With customers already converted to its new platform, Exchange Bank was ready for the pandemic and its immediate fallout. “We had a robust infrastructure in place for when we had the unprecedented log-in surge this April, when people began receiving their coronavirus stimulus checks and needed to make those deposits. It was beyond anything we’d ever seen before, but our system scaled up well to meet that demand.”

During the lockdowns, Exchange Bank ramped up its efforts to assist its customers’ transition to online and mobile banking. According to Bainbridge, the bank launched an aggressive campaign to highlight its mobile app and its many features. “We reached customers through ads on television, billboards and through print and digital advertising. We also communicated via customer statements, email, mobile app messaging, sponsored articles online and on our website and social media platforms.”

Tony De Mattei, vice president and digital product manager at Exchange Bank, says fewer than 10 percent of its customers have chosen not to bank electronically. “This could include customers who not only prefer the in-branch experience, but who also don’t have access to computers or smartphones. We also continue to have fairly large use of our voice banking service. It’s an old-school solution, but there’s a concentrated and dedicated customer base that depends on that channel.” The bank also promotes drive-up banking services, currently available at five of its Sonoma County branches.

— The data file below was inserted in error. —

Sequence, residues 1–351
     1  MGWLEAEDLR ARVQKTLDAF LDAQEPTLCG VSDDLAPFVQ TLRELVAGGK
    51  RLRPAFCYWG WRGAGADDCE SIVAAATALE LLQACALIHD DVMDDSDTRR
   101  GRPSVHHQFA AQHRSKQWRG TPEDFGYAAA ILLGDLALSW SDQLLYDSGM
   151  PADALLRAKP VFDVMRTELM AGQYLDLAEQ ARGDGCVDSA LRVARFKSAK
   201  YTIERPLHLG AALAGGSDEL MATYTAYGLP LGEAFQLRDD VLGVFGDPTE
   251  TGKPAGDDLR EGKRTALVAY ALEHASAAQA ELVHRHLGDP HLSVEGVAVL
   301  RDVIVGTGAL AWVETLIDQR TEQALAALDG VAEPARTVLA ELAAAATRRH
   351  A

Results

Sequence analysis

In the near-term, De Mattei says, the bank will also introduce a new online account-opening solution. “Exchange Bank is focused on monitoring banking technology and making sure we are staying abreast of where customer needs are headed.”